For more ideas for moving with children, visit:

Moving with a Special Needs Family Member or Senior? Ways to Cope

Kids aren't the only ones who need a little extra help to cope with a move. If you have a child or parent who will be moving with you that needs extra help, or if you are a disabled veteran in need of help, you will need to take some extra precautions. Seniors or other adults with special needs are going to need additional support in this process. Here are some tips to make sure that their needs are met well.
  • Plan for medications. You may not be able to get medication refills right away when you get to your new location. Talk to your loved one's current doctor about ordering refills of medications early, so you won't run out while you're transitioning to your new home.
  • Find a doctor ahead of time. If your loved one needs to have medical care, consider searching for a doctor before the move. Find one that's taking patients and at least get a few initial appointments set up. You can always change later if you find that the doctor isn't a good fit, but you don't want to end up without medical care when you need it.
  • Coordinate with your insurance. Many older adults or special needs individuals have Medicaid or Medicare coverage. Make sure you work with      your insurance provider ahead of time to get the coverage you need in your new location.
  • Find special education services. If your special needs individual is a child, find the services available in the local school district and get started on finding the services you need for your child before you move.
  • Check with changes in disability benefits. Social Security Disability Insurance and Supplemental Security Income shouldn't change when you move, though you'll want to inform them of your new address, but any state-based programs will change if you move out of state.
  • Make your home disability-friendly. Before you move in, take the time to make your home disability friendly. Check for tripping hazards, areas where a wheelchair or walker will have trouble, or outdoor surfaces that could become slippery when wet. All of these can cause trouble for your loved one as you prepare to move in to the home.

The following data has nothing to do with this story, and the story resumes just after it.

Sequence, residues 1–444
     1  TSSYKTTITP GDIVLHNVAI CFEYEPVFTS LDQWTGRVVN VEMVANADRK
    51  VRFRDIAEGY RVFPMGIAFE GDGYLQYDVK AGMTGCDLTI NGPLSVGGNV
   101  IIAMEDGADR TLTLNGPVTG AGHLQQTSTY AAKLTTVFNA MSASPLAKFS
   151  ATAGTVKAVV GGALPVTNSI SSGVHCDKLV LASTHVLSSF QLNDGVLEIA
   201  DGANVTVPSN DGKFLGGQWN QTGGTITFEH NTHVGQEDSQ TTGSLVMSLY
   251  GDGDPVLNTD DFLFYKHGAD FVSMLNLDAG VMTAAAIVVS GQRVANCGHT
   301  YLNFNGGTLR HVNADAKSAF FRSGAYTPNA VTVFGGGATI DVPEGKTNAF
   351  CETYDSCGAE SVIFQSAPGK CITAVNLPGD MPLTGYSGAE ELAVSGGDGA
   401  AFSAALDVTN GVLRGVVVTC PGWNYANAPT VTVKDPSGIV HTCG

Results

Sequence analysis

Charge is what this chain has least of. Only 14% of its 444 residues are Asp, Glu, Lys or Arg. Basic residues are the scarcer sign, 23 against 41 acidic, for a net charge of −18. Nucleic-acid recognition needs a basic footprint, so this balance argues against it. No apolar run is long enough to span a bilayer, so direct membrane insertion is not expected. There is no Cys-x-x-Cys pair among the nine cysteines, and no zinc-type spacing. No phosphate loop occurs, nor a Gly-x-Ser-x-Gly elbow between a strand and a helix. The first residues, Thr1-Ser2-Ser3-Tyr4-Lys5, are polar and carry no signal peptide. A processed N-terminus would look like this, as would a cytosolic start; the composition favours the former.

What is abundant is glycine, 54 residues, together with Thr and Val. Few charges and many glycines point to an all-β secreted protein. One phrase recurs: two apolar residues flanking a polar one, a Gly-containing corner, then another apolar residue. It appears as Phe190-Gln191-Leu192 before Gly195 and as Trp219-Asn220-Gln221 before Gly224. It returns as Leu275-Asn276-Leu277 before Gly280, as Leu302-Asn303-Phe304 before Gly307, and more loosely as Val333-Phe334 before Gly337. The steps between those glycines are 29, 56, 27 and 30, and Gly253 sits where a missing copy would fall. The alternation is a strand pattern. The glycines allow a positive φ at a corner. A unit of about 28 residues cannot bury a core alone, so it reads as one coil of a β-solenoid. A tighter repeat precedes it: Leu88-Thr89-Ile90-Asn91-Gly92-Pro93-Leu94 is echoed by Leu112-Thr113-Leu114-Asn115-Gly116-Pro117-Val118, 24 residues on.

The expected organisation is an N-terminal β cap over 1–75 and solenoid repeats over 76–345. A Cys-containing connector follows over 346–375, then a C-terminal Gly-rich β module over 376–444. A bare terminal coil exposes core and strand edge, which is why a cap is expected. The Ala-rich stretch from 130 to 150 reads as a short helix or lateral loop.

• Visit the Centers for Independent Living. If you area has a Center for Independent Living, visit it. This will help you locate the services you might need for your loved one or yourself as you relocate.
  • Get help. You're going to need some additional help when moving if someone in your family has special needs, so enlist the help early.
  • Consider a crating service. If you have large and valuable items, and won't have the ability to move them yourself due to the disability, consider a crating service. This is the safest and most secure option for moving these specific items. A crating service will come to your home and build a crate for the item designed specifically to protect it during the move.
  • Move medical records separately and carefully. Keeping good medical records is critical when dealing with a disability, and you need to move them carefully. Consider digitizing records and using cloud storage, or moving them separately from the rest of your items so you don't lose anything.
  • Plan extra time. Plan extra time, because medical needs may arise in the moving process.
  • Break things down into small tasks. For disabled individuals and seniors tackling their own moves, breaking the process down into small tasks is      important. Taking on too much all at once is going to cause you to be overwhelmed.
Many organizations offer financial assistance for people with disabilities, particularly when moving. Some places to look include:
For more help and tips preparing for a move with a special needs or elderly individual, visit:

Moving is Stressful, but Proper Planning Helps

No matter what your situation may be, moving is stressful. However, having the right plan in place will make it much easier to manage. Since you're in the military, you know moves are coming, so start preparing now. Learning about the potential challenges will help you to be prepared for whatever comes your way in the days ahead. Whether your move is expected or sudden, take these tips to heart to be prepared and eliminate the stress of the move.